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# Working with Thermophysical Data: Dew-Point and Wet-Bulb Temperature of Air

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Calculating the Dew-Point and Wet-Bulb Temperature of Air

Introduction

Atmospheric air contains varying levels of water vapor. Weather reports often quantify the water content of air with its relative humidity; this is the amount of water in air, divided by the maximum amount of water air can hold at the same temperature.

Given the temperature and the relative humidity of air, you can calculate

 • the temperature below which water condenses out of air - this is known as the dew-point
 • the coldest temperature you can achieve through evaporative cooling - this is known as the wet-bulb temperature

Both quantities can be calculated with Maple 2016's ThermophysicalData  package, and visualized on a psychrometric chart.

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Psychrometric Chart

A psychrometric chart gives the properties of humid air. Since the properties of dry and and water vapor change with air pressure, a psychrometric chart is only valid at a stated pressure.

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The x-axis is the Dry Bulb Temperature - this is the temperature you measure with a shielded thermometer, and is generally the temperature given by weather reports. The y-axis is the humidity ratio - this is the mass of water per unit mass of dry air.

The chart also gives lines of constant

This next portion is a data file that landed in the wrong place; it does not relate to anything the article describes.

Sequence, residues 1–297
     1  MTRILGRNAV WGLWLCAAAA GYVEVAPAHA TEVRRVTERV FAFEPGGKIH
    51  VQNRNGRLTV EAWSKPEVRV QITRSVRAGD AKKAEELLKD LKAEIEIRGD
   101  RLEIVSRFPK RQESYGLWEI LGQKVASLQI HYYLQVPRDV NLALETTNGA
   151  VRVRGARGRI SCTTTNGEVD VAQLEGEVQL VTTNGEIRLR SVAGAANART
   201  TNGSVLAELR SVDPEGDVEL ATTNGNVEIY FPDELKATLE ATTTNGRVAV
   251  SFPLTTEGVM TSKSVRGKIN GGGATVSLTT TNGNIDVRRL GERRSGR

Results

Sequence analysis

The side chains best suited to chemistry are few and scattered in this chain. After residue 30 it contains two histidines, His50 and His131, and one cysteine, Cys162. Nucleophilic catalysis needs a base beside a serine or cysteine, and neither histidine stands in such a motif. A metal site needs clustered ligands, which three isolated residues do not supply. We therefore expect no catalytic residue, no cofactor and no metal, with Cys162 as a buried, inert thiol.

• enthalpy at saturation,
 • relative humidity,
 • wet-bulb temperature,
 • and specific volume.

Weather reports generally give the relative humidity (the actual water-content of air divided by the  water content of air at saturation) and the dry-bulb temperature.

Given the dry-bulb temperature, relative humidity and air pressure, you can calculate the humidity ratio.

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We can now plot the point on the psychometric chart.

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Dew-Point Temperature

The dew-point temperature is the temperature below which water condenses out of air.

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You can also read the dew-point temperature directly from a Psychrometric chart. Simply draw a horizontal line from the current point until you hit the 100% relative humidity line, and then read the temperature. This is illustrated by the green line on the chart below.

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Wet-Bulb Temperature

The wet-bulb temperature is the coldest temperature you can get through evaporative cooling. This can be physically measured by wrapping the bulb of a thermometer in a wet rag; as the water evaporates, latent heat is removed and the temperature drops.

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You can also read the web-bulb temperature from a Psychrometric chart. From the current point, draw a line parallel to the lines of constant wet-bulb temperature, until you reach the 100% relative humidity line, and then read the temperature. This is illustrates by the green line on the chart below.

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